Good Eat Guide to Wild Weeds Plants and Herbs
Even though when you were growing up, your parents probably told you “not to put that in your mouth” when you picked the weeds from the garden, they weren’t entirely correct. Despite popular belief, there are countless edible weeds, wild plants and wild herbs out there that you probably pass on a daily basis. Some of these can prove to be a viable addition and a perfect complement to a flawless dish whereas others can even be eaten standalone without cooking which is a masterful survival technique if you suddenly find yourself lost in the woods. Here is a brief guide to wild herbs, wild plants and weeds that are good to eat.
Dandelions and Burdock
No, not the popular soda or alcoholic twist: dandelion plants and burdock plants are both great to eat. Who would have associated these common weeds with food? Both dandelion and burdock are best eaten when boiled so as to avoid the bitterness usually associated with the more mature plants, but both dandelion and burdock of any age is edible. Dandelion is easily recognisable for its thick stalk and yellow flower head and it is a prominent sight in most gardens. Burdock is recognisable for its purple, thistle-like plant head. The broth that is left over can also be a great addition to salads. Perhaps you should think twice about what you do with the dandelion and burdock weeds in your garden next time round.
Asparagus and clover
Asparagus is a widely farmed wild plant that is found as a food product in most grocery stores. While not the most popular salad addition of all, asparagus is edible and it can be found growing in many places in the world. Wild asparagus contains many vitamins and can be a great wild herb to look out for when you find yourself lost. The same can be said for clover. Even clover that you find in your lawn is edible, but eating directly from your lawn can be dangerous because of pests, pesticides and such. However, if you find yourself in the wild and you find yourself a patch of clover on a grassy knoll, dig in and enjoy because this little herb can be a life saver.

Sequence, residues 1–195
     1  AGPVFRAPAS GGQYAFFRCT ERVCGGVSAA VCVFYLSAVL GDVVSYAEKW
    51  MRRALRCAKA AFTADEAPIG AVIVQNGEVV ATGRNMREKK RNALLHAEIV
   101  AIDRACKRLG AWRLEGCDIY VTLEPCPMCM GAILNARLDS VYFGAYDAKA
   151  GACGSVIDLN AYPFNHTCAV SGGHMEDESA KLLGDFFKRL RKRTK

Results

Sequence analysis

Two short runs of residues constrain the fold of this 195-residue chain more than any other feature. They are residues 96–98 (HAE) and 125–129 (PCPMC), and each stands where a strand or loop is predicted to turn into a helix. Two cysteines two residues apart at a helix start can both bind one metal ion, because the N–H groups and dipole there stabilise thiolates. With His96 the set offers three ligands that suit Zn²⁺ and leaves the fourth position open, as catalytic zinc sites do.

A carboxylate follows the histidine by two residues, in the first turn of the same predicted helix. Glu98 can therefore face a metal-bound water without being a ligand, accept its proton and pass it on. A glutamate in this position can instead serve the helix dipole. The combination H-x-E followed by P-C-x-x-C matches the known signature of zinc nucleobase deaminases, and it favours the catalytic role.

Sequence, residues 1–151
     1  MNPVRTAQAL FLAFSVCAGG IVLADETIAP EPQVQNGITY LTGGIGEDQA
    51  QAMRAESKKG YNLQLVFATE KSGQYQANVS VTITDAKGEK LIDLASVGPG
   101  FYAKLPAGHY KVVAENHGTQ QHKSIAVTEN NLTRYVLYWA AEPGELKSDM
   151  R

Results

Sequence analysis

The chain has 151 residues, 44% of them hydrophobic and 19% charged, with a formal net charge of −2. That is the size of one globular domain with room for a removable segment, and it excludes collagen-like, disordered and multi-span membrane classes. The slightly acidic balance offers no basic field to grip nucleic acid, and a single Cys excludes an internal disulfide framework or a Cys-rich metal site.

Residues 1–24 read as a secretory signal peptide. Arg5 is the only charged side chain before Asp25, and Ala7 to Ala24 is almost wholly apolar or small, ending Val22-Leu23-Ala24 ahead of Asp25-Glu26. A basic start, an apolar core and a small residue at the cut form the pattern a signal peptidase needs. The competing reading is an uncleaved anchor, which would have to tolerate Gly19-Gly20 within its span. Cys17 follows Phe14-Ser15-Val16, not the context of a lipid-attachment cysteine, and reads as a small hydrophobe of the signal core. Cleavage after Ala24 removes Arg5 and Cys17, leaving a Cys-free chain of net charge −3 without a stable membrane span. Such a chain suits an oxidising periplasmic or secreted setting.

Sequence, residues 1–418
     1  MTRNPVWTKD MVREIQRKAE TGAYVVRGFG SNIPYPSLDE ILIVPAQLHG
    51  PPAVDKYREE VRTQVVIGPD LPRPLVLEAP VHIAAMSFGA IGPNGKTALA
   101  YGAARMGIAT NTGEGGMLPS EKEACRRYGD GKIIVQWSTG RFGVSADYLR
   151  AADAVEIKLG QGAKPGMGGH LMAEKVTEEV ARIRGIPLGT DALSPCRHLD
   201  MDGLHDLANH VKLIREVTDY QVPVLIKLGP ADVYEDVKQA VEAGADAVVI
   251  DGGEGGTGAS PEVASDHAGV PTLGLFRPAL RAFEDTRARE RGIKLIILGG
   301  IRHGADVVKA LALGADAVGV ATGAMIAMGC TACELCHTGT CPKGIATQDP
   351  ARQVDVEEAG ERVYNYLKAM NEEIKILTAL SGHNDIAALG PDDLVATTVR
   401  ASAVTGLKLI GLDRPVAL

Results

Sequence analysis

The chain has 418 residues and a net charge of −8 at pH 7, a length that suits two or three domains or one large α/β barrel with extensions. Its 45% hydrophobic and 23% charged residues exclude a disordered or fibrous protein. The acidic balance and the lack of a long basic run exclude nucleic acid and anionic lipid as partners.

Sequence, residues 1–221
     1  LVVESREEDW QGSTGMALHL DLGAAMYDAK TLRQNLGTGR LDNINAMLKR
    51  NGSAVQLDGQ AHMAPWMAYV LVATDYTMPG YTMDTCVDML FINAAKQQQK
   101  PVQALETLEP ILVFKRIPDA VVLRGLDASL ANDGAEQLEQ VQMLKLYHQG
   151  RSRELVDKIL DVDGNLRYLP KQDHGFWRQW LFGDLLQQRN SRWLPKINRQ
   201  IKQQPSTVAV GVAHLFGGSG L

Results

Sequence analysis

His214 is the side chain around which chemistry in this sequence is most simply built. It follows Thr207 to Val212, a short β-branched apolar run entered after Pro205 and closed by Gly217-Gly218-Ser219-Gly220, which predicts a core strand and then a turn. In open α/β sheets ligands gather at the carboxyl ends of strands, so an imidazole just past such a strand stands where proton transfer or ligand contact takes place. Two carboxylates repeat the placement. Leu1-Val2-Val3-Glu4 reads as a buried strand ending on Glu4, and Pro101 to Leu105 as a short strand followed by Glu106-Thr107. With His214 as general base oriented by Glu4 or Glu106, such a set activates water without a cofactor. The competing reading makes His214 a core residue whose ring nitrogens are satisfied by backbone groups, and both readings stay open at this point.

Often sold as a delicacy, starter or snack in most takeaways these days, green seaweed is one of the most globally available edible plants in the world. Green seaweed can be easily foraged from the ocean each and every day. For the best results, wash the seaweed in fresh water rather than salt water. It can be enjoyed raw or boiled as a main meal or as an accompaniment to other food that you may find such as fruit or fish. You can even make seaweed soup for a delicious and satisfying meal with leftover broth for additional meals too. Who would have thought that one of the ocean’s most common weeds could save your life?
The world is just one big buffet waiting to be feasted upon. So many naturally growing plants, weeds and herbs are actually edible. Do not turn up your nose to a free meal, especially when you are out in the wild and simply longing to survive. There is food out there if you are willing to research and identify it, and much if it is available to you each and every day without you even realizing. Hopefully, the aforementioned guide will make you think twice about putting harmful and dangerous pesticides on your lawn from now on, especially if your own garden is a cheeky treasure trove for good grub.
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